Let’s cycle back now to Petty King Murchad. The man himself has a lot of personality of his own, and this cannot be ignored as a crucial feature of the game either. Early on, when you choose a character to play, you will need to determine their lifestyle. They could be diplomatic, militaristic or simply a good manager, for example, and this choice will determine the areas in which they are most likely to see success in ruling their land and some of the traits they might adopt along the way. For me, given the mission of ruling all of Ireland, Murchad became a powerful military leader, and his background stats supported this choice. Now I was ready to examine my Kingdom and work on the first steps to achieving dominion over it. Fortunately, I owned a few lands already and had vassals (a holder of land by feudal tenure on conditions of homage and allegiance) to support my claims to others nearby. This is where Crusader Kings III becomes really interesting as a strategy title, as to move on these claims I do not necessarily have to start a fight…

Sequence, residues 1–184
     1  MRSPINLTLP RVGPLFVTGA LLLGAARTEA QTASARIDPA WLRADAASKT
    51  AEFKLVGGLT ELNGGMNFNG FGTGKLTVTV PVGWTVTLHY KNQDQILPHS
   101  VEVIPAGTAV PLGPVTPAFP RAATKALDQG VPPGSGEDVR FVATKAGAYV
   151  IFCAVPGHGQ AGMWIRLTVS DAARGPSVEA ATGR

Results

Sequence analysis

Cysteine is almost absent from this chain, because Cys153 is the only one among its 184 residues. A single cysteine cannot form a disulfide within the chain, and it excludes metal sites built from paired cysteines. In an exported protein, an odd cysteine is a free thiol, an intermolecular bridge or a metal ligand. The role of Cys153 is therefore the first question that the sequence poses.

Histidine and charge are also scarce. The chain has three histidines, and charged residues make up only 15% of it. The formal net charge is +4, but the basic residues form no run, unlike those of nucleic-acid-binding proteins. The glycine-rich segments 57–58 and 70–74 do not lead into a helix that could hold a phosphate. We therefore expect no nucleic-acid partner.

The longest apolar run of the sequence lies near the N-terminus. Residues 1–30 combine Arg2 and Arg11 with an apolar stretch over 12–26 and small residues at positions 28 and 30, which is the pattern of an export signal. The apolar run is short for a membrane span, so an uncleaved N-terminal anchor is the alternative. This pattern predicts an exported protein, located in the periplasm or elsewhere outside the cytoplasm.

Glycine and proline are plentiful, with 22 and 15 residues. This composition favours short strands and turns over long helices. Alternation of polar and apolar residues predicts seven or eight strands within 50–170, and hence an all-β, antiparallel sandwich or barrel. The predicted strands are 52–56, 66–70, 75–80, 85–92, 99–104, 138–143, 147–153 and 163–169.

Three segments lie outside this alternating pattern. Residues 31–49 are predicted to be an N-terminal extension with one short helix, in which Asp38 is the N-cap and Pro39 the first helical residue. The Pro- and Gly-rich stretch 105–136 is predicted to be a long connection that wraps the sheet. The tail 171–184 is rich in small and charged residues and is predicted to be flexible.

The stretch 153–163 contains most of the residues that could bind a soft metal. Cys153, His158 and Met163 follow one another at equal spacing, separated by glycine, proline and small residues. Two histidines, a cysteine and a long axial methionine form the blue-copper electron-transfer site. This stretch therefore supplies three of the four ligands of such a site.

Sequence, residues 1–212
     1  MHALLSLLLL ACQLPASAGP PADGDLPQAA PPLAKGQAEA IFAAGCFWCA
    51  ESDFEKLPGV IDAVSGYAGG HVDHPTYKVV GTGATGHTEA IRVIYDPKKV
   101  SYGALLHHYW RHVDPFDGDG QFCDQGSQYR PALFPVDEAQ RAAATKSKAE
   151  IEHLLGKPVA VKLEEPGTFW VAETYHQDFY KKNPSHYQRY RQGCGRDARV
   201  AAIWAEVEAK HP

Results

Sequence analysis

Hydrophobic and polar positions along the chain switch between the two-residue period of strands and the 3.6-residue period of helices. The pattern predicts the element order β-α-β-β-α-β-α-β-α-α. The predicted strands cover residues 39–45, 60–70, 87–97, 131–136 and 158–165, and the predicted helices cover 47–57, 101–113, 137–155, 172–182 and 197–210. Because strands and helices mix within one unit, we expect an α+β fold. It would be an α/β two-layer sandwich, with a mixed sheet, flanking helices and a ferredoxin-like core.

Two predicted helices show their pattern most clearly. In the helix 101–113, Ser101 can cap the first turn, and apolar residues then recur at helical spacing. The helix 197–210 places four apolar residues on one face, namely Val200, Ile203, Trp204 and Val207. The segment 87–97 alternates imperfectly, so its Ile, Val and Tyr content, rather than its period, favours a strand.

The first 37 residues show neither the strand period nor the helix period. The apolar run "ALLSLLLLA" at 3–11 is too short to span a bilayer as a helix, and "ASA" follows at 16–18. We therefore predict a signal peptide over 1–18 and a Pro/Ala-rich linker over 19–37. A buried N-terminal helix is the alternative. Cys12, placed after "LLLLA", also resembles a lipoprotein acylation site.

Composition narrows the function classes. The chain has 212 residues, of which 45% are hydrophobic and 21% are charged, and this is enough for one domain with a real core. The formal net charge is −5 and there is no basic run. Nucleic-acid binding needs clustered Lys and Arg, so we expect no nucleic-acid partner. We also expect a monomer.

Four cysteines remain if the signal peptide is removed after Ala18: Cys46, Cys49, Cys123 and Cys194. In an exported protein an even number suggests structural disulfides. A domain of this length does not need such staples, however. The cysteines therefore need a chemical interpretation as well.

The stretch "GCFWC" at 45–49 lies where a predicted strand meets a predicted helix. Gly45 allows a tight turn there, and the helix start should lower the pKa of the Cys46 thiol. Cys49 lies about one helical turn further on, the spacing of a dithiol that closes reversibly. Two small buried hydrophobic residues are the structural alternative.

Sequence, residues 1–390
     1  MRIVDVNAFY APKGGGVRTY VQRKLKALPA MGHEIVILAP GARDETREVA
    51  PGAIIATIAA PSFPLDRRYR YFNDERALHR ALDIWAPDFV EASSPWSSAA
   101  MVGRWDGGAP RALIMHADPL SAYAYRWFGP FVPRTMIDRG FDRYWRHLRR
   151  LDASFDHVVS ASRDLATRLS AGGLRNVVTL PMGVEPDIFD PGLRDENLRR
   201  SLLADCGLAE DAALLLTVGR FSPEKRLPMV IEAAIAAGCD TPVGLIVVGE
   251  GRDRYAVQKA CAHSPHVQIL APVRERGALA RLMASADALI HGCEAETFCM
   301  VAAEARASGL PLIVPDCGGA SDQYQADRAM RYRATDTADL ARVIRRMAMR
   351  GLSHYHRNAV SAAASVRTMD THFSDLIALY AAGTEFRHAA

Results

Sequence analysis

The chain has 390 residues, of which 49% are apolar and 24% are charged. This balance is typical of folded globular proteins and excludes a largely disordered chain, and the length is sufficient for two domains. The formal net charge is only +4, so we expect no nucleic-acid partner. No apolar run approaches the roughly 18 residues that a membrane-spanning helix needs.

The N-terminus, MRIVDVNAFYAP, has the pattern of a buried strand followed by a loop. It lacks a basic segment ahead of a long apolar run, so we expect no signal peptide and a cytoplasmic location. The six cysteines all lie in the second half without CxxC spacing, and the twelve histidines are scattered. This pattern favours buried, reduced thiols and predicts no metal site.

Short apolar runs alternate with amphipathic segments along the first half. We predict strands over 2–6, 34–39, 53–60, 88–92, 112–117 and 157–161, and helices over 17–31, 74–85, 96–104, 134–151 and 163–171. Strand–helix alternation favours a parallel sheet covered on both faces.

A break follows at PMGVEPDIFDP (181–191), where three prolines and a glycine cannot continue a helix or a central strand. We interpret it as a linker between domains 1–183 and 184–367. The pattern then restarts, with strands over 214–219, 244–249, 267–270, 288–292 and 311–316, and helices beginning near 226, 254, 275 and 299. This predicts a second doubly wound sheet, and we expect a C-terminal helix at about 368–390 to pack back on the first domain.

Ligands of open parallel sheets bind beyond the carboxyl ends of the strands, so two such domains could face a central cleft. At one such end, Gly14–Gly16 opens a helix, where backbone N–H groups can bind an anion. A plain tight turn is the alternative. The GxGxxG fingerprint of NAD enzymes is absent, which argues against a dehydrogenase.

So you’ve seen a land you would quite like to own and you are deciding how to go about it. The first step is checking whether you, or one of your vassals, have a claim over it. If you do, that’s great! You have a casus belli (cause for war) which you can use to justify an invasion. Fighting not your style? That’s fine. With a little persuasion through kindness, or perhaps a little intrigue, you may be able to sway the current Lord to become a vassal under your rule. Perhaps you could even seduce them through the skills of your Court, or quietly arrange to have them… removed. Such schemes are another powerful and enjoyable mechanic of Crusader Kings III, which allow you to “play the long game”, so to speak, is activating your plans without the need to draw swords. Just try not to get noticed or you could find yourself exposed, or worse, blackmailed… Blackmail is a powerful tool of persuasion of its own in Crusader Kings III, allowing you to compel Lords to pay more taxes, foes to agree to one-sided marriage proposals or even shut down a power grab from those you thought to be friends. The message here is this; if you fancy a bit of Lord Nasty’s shiny looking fields as your own, there are a wealth of ways to make this happen, each of which is fun to activate and play. And if all else fails and you can’t find a reasonable claim, just befriend the Pope and ask him to declare one for you. Or fabricate it; that works too…